Hookah vs. Cigarettes: Water Pipe Smoking Not As Harmless As Many Think


As people steer away from cigarettes, more are smoking tobacco from hookahs, large communal pipes that draw tobacco smoke through water. It appears though that while smoking cigarette has long been acknowledged to be bad for the health, the alternatives are not at all safer and healthier as some have come to believe.

Some hookah smokers' think that the practice is less harmful compared with smoking cigarettes but water pipe smoking has many of the health risks associated with cigarette smoking.

According to the U.S. Centers for Disease Control and Prevention (CDC), hookah smokers are at risk of the same diseases and health problems that threaten cigarette smokers.

Hookah tobacco and smoke are known to contain toxic agents that can cause bladder and lung cancers, clogged arteries and heart disease. Tobacco juices from hookahs may also irritate the mouth and up risks for oral cancers.

Because hookah smoking is often done in groups with people using the same mouthpiece, infections may be passed from one smoker to another. Pregnant women who smoke water pipes everyday are likewise likely to have babies that weigh less at birth and are at an increased risk for respiratory diseases.

Secondhand smoke from hookahs also poses health risks for nonsmokers because this contains smoke from both the tobacco and the heat source used in the hookah.

A new study offers new evidence of the dangers of hookah smoking and the results suggest smoking hookah may even be more dangerous than smoking traditional cigarettes.

For the study published in Public Health Reports, researchers from the Pittsburgh School of Medicine reviewed 542 earlier studies on cigarette and hookah smoking and found 17 that offer sufficient data for them to estimate the toxicants inhaled by hookah smokers and regular cigarette smokers.

The researchers' meta-analysis revealed that a single smoking session from hookah delivers 25 times the tar, 10 times the carbon monoxide and 2.5 times the nicotine of a single cigarette.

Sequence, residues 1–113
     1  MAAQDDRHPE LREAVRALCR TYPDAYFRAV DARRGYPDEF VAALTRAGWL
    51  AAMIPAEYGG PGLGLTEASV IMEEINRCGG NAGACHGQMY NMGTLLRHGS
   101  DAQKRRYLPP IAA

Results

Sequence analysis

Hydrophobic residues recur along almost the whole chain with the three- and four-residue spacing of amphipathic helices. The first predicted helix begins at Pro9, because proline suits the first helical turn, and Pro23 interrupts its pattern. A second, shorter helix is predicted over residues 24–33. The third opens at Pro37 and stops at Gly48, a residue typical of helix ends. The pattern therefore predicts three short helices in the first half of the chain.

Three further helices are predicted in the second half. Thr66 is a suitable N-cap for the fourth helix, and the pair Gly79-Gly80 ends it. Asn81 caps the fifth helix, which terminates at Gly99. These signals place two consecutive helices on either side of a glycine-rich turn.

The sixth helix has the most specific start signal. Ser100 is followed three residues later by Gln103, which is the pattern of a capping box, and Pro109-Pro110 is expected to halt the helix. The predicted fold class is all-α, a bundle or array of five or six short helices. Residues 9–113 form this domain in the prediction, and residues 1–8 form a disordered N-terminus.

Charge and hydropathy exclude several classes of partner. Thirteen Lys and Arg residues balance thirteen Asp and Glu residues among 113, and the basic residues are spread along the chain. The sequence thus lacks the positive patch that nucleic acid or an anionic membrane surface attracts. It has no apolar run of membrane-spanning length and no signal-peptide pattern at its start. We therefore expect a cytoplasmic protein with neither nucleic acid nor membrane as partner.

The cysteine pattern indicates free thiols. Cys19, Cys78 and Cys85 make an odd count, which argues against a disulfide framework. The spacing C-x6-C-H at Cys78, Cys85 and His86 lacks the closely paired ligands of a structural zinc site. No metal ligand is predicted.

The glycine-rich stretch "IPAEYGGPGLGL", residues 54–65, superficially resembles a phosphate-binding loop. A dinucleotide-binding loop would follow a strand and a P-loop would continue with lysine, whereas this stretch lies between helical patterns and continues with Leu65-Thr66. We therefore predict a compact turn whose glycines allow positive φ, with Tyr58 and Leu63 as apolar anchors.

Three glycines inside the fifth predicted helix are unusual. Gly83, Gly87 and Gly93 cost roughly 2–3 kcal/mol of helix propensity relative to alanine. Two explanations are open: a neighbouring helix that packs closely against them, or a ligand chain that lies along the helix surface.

Study author Dr. Brian Primack said that their findings show that hookah smoking poses real health concerns that need to be monitored closely with the rising popularity of hookah among young people and hookah cafés gaining popularity worldwide. Some products also claim that their users can enjoy the same taste of tobacco sans the harmful effects.

"Similar to cigarettes, hookah smoking delivers the addictive drug nicotine and it is at least as toxic as cigarette smoking. While many hookah smokers may consider this practice less harmful than smoking cigarettes, hookah smoking carries many of the same health risks as cigarettes," CDC said.

Primack and colleagues, however, noted that comparing a hookah smoking session to smoking cigarette is actually complex due to differences in smoking patterns. Frequent cigarette smokers, for instance, may puff 20 cigarettes in a day while frequent hookah smokers may only participate in a few hookah sessions per day.

"The estimates we found cannot tell us exactly what is 'worse.' But what they do suggest is that hookah smokers are exposed to a lot more toxicants than they probably realize," Primack said.

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